When you’re writing a non-fiction manuscript, how you structure your information is important to the reader. There are a number of different writing types from which to choose so you can get your point across in the most effective way. Although there are a number of specific types of non-fiction writing, including journalistic, biographical, or critical, this piece will cover the major types of non-fiction writing and the benefits of each specific style.
Which type of writing could be right for you? Let’s take a look.
#1. Expository Writing
This is the type of writing which is used when the purpose of the text is to inform, explain, or describe information. It is used to help explain to the reader why the information they are consuming is important and then helps them to analyze that information by presenting ideas, using evidence as corroboration, and encouraging discussions. The goal is often to provide background information but can be used to convey specific key points in scientific or technical writing.
You’ll often find this type of writing used to present background facts to present a specific conclusion. Expository writing about the Big Bang might be used to convey why certain new discoveries about the universe support a specific theory of existence.
#2. Argumentative Writing
Sometimes this type of non-fiction writing is called “persuasive writing” instead. The goal is to prove the validity of an idea, a fact, or a specific point of view by using a series of logical conclusions. By arguing the key points, the goal is to persuade the reader that the opinion of the writer is the correct one. A good example of this type of writing is in the creation of a resume. You’re attempting to convince a hiring manager through the use of a resume and perhaps a cover letter that you’re the best person for the job that you want.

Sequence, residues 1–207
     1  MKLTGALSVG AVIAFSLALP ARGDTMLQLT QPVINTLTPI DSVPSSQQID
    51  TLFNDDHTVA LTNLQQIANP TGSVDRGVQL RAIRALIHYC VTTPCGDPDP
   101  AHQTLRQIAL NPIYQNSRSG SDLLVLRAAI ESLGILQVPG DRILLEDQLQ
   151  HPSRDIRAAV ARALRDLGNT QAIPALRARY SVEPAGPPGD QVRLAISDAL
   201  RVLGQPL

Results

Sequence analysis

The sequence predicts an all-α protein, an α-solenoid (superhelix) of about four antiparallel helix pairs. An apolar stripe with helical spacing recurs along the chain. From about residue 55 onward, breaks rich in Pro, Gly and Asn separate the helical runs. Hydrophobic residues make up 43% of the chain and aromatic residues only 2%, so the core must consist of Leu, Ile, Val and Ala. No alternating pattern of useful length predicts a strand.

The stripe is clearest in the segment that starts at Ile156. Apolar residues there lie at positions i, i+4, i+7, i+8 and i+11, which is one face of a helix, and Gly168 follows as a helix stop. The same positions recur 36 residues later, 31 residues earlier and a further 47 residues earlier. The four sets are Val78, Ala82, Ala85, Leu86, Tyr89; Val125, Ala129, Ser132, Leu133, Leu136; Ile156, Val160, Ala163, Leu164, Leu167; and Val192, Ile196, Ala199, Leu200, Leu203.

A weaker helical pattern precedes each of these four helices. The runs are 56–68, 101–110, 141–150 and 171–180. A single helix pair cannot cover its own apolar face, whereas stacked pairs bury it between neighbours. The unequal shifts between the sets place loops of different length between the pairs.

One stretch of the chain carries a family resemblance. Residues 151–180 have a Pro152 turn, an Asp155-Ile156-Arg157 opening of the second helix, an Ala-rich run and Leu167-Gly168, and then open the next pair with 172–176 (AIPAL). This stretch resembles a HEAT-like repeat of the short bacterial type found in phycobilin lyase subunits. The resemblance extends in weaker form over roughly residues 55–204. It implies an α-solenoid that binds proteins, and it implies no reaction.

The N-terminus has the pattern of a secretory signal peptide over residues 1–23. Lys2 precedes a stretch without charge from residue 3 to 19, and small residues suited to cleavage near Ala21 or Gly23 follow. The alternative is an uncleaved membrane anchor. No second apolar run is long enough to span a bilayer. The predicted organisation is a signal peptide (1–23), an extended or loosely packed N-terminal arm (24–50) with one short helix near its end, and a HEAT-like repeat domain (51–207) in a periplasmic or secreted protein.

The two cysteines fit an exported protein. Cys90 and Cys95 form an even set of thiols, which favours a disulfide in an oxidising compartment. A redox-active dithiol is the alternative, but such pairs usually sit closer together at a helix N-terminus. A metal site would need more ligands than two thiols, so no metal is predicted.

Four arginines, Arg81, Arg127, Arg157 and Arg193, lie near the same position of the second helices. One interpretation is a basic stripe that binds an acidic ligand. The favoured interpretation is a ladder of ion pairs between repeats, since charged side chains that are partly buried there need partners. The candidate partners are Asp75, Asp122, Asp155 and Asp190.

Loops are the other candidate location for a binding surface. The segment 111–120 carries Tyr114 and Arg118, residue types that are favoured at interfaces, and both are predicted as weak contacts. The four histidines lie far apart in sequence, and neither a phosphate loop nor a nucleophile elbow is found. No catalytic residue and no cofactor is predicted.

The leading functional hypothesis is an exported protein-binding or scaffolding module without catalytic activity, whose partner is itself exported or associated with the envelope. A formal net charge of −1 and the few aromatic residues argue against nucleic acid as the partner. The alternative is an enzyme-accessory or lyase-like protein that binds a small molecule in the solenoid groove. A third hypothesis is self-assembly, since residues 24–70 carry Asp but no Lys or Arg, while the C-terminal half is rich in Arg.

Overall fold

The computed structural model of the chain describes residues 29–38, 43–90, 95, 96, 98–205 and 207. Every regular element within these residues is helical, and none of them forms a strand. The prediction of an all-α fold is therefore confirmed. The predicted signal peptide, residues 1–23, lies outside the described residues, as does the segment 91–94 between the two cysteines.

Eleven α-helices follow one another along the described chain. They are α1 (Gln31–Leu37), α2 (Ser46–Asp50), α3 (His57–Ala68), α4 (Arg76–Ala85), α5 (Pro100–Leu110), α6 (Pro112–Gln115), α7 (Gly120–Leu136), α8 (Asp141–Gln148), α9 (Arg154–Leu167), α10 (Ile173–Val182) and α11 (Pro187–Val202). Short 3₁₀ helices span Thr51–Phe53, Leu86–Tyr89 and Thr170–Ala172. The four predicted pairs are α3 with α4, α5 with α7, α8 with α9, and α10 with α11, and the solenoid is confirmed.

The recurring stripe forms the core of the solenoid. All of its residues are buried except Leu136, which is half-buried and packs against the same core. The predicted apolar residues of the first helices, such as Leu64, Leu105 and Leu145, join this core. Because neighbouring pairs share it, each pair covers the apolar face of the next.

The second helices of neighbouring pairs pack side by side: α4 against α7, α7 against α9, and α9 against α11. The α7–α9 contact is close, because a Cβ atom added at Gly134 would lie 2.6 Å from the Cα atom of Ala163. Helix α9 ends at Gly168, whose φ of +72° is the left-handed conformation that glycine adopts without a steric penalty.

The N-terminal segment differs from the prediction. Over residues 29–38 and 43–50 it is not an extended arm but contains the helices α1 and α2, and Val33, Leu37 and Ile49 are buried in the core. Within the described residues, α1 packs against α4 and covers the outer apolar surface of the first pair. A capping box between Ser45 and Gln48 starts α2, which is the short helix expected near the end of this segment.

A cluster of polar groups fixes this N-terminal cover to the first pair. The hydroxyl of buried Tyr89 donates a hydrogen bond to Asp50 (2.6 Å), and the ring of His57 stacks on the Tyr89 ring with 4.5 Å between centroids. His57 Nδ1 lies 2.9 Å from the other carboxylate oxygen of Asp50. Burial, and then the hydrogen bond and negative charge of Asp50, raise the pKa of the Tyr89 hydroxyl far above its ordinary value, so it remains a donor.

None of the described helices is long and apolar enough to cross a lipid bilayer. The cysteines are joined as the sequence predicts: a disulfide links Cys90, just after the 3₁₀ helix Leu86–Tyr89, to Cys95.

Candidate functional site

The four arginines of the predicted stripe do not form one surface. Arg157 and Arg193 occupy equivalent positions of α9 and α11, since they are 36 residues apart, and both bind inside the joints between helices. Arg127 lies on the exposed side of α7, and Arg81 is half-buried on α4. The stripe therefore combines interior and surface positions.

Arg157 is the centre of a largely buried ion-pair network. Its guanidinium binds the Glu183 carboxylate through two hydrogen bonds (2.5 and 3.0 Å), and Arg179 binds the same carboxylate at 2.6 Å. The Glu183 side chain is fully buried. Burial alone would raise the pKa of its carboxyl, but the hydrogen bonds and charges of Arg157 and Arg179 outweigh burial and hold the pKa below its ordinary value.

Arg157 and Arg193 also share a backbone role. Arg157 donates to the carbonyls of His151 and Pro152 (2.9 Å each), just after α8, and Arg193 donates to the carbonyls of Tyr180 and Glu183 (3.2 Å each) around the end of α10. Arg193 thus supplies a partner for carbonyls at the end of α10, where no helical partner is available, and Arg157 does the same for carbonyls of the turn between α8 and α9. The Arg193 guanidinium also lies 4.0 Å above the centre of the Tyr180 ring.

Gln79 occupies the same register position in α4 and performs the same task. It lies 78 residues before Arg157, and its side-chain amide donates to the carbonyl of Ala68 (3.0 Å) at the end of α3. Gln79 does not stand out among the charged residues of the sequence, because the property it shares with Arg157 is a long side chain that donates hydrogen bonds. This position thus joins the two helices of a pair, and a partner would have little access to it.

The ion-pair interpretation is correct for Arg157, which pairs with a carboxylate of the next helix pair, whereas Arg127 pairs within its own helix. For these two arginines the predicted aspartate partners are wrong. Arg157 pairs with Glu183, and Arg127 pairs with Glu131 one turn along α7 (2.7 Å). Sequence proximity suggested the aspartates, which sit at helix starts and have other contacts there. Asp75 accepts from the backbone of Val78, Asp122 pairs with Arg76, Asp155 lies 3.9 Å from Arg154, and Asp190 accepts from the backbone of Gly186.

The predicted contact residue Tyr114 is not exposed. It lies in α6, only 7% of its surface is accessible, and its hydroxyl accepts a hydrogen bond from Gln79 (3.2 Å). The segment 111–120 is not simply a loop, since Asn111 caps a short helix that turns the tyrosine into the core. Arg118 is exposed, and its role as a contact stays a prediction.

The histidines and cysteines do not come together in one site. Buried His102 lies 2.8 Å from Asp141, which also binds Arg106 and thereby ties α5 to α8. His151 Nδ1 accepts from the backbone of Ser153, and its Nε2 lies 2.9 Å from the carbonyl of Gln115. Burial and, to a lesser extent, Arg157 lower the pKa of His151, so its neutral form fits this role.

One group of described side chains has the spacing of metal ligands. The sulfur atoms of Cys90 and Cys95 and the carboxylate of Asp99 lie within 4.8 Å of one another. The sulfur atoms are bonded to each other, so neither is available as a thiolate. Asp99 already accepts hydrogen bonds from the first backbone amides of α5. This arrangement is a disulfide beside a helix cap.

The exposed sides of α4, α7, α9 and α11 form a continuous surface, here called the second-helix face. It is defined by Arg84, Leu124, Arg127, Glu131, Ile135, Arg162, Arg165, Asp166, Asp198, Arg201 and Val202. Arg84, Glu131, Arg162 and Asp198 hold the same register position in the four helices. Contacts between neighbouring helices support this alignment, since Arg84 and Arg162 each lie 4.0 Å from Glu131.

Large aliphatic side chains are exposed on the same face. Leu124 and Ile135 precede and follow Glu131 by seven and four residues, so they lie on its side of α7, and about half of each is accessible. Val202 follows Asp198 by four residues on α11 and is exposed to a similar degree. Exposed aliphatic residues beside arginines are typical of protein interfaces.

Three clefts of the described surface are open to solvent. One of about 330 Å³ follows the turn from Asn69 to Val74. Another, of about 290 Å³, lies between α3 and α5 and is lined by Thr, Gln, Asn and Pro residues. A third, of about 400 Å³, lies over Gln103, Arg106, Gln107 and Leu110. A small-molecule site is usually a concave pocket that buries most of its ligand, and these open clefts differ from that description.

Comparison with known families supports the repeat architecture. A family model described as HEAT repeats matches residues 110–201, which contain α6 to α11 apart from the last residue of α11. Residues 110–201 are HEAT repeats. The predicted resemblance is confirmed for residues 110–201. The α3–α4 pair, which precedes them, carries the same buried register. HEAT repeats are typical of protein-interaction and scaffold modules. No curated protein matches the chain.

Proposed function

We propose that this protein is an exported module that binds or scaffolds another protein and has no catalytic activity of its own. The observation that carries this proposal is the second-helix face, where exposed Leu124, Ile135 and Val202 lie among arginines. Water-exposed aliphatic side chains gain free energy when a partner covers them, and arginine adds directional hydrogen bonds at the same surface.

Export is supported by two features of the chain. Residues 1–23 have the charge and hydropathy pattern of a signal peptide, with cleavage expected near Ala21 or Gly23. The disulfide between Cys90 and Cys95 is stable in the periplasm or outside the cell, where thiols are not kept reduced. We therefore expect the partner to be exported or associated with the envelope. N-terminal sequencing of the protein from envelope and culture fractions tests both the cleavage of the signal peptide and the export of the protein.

It’s that concept which can be used for any non-fiction text. Darwin used argumentative writing when offering his theories of evolution. Religious denominations use this type of writing when discussing why they believe that their beliefs are the “one true way” to whatever end-goal is being considered.
#3. Opinion Writing
This is the most common form of non-fiction that you’ll find is available right now. Every blog you’ve ever read is a form of this non-fiction writing style. Although opinions aren’t necessarily universal facts, they are personal facts that are specific to the person who is creating the manuscript. That is why it is classified as a non-fiction type of writing.
Opinions can exist about anything, but for them to be valid, there must be some form of fact-based supporting evidence presented within the context of the content. Without any evidence, it is difficult to present the possibility that the opinion could be factual, which means it becomes more of an observation to the reader than a logical conclusion from available facts.
Although opinion writing is similar to the other styles, it is different because of the fact that you’re discussing the conclusions you’ve already formed and why you’ve formed them.
#4. Essay Writing